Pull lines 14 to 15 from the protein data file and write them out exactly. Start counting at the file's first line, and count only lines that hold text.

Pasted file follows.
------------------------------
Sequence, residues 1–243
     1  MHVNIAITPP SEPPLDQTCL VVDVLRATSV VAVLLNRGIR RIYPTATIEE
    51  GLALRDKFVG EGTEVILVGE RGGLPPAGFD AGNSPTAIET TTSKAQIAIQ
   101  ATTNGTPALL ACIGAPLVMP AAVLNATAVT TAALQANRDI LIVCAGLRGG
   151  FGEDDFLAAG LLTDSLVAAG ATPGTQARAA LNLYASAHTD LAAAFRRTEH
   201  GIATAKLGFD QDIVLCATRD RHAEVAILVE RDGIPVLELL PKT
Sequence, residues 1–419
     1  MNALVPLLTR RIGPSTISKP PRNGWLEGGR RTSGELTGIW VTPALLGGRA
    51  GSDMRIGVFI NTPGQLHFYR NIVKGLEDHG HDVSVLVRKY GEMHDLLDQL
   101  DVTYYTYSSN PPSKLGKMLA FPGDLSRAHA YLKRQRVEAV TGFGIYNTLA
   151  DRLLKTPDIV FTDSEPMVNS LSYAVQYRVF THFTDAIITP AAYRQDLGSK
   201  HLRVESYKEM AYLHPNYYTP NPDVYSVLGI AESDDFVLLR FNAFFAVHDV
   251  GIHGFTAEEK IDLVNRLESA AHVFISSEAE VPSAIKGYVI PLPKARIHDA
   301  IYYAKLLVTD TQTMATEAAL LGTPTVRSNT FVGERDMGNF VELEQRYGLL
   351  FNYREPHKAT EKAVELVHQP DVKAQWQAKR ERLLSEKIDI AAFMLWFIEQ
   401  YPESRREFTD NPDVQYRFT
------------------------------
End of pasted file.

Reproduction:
   301  IYYAKLLVTD TQTMATEAAL LGTPTVRSNT FVGERDMGNF VELEQRYGLL
   351  FNYREPHKAT EKAVELVHQP DVKAQWQAKR ERLLSEKIDI AAFMLWFIEQ